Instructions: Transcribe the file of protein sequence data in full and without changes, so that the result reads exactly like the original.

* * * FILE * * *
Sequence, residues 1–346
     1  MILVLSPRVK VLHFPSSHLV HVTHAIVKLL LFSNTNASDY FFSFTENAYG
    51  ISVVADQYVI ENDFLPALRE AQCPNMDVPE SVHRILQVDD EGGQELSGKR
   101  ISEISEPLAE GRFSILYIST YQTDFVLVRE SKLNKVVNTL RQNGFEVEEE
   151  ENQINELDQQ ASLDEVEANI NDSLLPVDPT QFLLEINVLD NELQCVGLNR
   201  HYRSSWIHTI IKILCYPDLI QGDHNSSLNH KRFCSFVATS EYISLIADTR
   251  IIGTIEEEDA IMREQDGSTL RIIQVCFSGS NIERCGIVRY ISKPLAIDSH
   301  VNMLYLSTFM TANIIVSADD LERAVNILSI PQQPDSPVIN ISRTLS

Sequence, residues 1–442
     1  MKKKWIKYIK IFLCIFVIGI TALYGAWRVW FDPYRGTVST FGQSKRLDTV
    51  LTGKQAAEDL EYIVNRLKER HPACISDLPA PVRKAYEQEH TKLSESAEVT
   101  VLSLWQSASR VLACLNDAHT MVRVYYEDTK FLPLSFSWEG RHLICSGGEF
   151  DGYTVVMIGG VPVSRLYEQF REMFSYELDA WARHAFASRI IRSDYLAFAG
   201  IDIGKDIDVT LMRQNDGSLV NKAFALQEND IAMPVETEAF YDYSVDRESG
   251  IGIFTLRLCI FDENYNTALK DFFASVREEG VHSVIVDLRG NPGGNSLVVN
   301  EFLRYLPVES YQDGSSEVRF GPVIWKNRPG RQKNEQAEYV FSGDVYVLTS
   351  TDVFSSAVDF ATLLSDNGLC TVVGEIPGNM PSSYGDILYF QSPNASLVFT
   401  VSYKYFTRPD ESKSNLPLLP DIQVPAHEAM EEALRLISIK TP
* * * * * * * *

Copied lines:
Sequence, residues 1–346
     1  MILVLSPRVK VLHFPSSHLV HVTHAIVKLL LFSNTNASDY FFSFTENAYG
    51  ISVVADQYVI ENDFLPALRE AQCPNMDVPE SVHRILQVDD EGGQELSGKR
   101  ISEISEPLAE GRFSILYIST YQTDFVLVRE SKLNKVVNTL RQNGFEVEEE
   151  ENQINELDQQ ASLDEVEANI NDSLLPVDPT QFLLEINVLD NELQCVGLNR
   201  HYRSSWIHTI IKILCYPDLI QGDHNSSLNH KRFCSFVATS EYISLIADTR
   251  IIGTIEEEDA IMREQDGSTL RIIQVCFSGS NIERCGIVRY ISKPLAIDSH
   301  VNMLYLSTFM TANIIVSADD LERAVNILSI PQQPDSPVIN ISRTLS

Sequence, residues 1–442
     1  MKKKWIKYIK IFLCIFVIGI TALYGAWRVW FDPYRGTVST FGQSKRLDTV
    51  LTGKQAAEDL EYIVNRLKER HPACISDLPA PVRKAYEQEH TKLSESAEVT
   101  VLSLWQSASR VLACLNDAHT MVRVYYEDTK FLPLSFSWEG RHLICSGGEF
   151  DGYTVVMIGG VPVSRLYEQF REMFSYELDA WARHAFASRI IRSDYLAFAG
   201  IDIGKDIDVT LMRQNDGSLV NKAFALQEND IAMPVETEAF YDYSVDRESG
   251  IGIFTLRLCI FDENYNTALK DFFASVREEG VHSVIVDLRG NPGGNSLVVN
   301  EFLRYLPVES YQDGSSEVRF GPVIWKNRPG RQKNEQAEYV FSGDVYVLTS
   351  TDVFSSAVDF ATLLSDNGLC TVVGEIPGNM PSSYGDILYF QSPNASLVFT
   401  VSYKYFTRPD ESKSNLPLLP DIQVPAHEAM EEALRLISIK TP